And further it can be proved that B. Young and P. P. Pratt were the first to preach and to practice the "spiritual wife" doctrine, in the city of Boston and other places, my dissent from any such doctrine of course gave annoyance [page 1, col. 2].... That the church funds have been misapplied, I have no hesitation in asserting, for of necessity I have been made acquainted with the fact, that several houses have been filled up with women who have been secretly married to Brigham Young, H. C. Kimble [Kimball], and Willard Richards—women with little children in their arms, who had no means of support except from the tithing funds [which these apostles controlled].... I heard my brother Joseph declare before his death, that Brigham Young was a man, whose passions, if unrestrained, were calculated to make him the most licentious man in the world [page 1, col. 4].... And to complete this man’s [Brigham’s] reign of power, there was adopted, as I have before alluded to, the system of spiritual wifery, which was entered into secretly.... Men’s wives and daughters were secretly married at night-time to this Young, H. C. Kimball, William [Willard] Richards, and others, and, in the dark night, were attending the secret lodges, until most of the "Seventies" were thus sealed and bound under a cloak of adopting children into their kingdoms.... [I]t was the common practice for these wicked plotters to boldly and blasphemously proclaim before people, in the presence, too of hundreds that had been "sealed up" to them, that such a doctrine [as polygamy] was false, and he that practiced it was a scoundrel, and the woman that admitted it, no other than a harlot.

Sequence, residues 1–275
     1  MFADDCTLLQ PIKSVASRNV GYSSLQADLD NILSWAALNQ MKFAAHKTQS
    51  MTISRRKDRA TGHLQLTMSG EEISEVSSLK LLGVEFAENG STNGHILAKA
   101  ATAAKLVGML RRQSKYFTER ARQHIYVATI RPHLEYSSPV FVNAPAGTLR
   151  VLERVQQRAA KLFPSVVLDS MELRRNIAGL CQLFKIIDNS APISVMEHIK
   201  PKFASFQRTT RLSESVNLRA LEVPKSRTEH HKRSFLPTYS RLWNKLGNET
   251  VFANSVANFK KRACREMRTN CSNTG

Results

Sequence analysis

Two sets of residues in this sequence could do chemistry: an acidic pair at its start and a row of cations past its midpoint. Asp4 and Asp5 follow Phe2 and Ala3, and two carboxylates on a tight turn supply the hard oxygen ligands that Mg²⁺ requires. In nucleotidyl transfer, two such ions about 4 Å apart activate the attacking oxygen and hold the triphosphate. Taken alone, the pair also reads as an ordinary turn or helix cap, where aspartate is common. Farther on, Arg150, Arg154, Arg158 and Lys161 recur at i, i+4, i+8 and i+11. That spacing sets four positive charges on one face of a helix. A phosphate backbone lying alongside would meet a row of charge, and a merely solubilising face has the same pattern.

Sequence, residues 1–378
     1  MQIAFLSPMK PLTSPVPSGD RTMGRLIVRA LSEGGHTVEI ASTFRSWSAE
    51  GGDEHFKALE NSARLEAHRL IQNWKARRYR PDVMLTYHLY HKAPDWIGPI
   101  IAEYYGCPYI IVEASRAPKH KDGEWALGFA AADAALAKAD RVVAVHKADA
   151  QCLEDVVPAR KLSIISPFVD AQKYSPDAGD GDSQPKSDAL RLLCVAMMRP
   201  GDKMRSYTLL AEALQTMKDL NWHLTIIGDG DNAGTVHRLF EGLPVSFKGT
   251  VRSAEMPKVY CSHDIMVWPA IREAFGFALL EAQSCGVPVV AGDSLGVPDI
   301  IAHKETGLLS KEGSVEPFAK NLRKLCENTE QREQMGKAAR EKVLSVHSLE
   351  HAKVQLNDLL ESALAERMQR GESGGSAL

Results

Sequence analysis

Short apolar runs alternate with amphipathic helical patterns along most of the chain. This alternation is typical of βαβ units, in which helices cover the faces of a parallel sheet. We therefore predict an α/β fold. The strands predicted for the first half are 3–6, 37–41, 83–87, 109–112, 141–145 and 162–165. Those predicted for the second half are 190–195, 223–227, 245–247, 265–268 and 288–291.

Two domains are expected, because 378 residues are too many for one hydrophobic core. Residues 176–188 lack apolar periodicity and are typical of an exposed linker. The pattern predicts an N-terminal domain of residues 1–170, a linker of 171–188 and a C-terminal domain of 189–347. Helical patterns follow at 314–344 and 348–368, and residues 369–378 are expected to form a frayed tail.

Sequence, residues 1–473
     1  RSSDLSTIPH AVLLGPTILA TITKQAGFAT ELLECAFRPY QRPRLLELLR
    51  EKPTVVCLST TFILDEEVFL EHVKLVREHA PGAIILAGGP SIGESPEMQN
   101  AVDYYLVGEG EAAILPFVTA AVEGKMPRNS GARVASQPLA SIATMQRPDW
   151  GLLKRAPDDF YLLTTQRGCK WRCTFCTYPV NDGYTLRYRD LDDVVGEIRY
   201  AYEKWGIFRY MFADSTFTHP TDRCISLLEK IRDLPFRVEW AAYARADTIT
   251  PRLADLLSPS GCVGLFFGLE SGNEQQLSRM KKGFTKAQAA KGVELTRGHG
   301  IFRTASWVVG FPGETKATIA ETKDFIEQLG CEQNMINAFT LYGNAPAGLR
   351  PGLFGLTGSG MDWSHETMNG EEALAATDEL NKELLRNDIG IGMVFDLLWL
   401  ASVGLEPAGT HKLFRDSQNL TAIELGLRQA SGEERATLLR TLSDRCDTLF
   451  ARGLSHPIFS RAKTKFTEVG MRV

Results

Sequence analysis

I declare to you, my brethren, that I heard John Taylor proclaim this on one occasion, so vociferously as almost to turn him black in the face, while in a day or two afterwards he was seen sneaking through a garden, to get into a house by the back way to visit his ‘spiritual wives’ [page 1, col. 6]. (William Smith, A Proclamation, Warsaw Signal, Warsaw, Illinois [October 29, 1845], page 1, columns 2,4, 6)
On October 28, 1845, Apostle Orson Hyde of Nauvoo, wrote a letter to William Smith, who had fled from Nauvoo and was in St. Louis. Orson called upon William to return to Nauvoo "and abide in the council of your brethren"—which meant of course be subject to Brigham Young (see Messenger and Advocate, Pittsburgh, PA [December 1845], 413–414).

On November 12, 1845, William replied by writing a caustic letter of refusal to Orson, in which he declared:
As a specimen of the moral degradation existing among you [the Twelve], I will mention Parley P. Pratt as a fit subject to introduce. You are well aware that this "unassuming" and righteous apostle came from the East, a few days since, in company with a female [a plural wife] whose appearance and conduct bears sufficient evidence of his utter disregard of virtue or religion.... It is needless for me to enlighten you further upon the character of B. Young, John Taylor, W. Richards, and many others who are continually preaching the doctrine, and openly practising adultery; for this you know too well.... My life and exertions will be (in order to perpetuate the names of my father’s family, and with honor to my noble martyred brothers Joseph and Hyrum wipe away the disgrace, the stain, the evils that, since their deaths have crept into the church. And by the too frequent use of their names, the twelve are carrying out the most wicked, base and unhallowed purposes that could be devised under the cloak of Joseph and Hyrum’s names. Brethren! be assured that Joseph and Hyrum never would have sanctioned the present wicked plans of the twelve; their corruption their sink of iniquity, their removal to the wilderness, their doctrine of polygamy usurpation. & c.). (ibid., 415–416)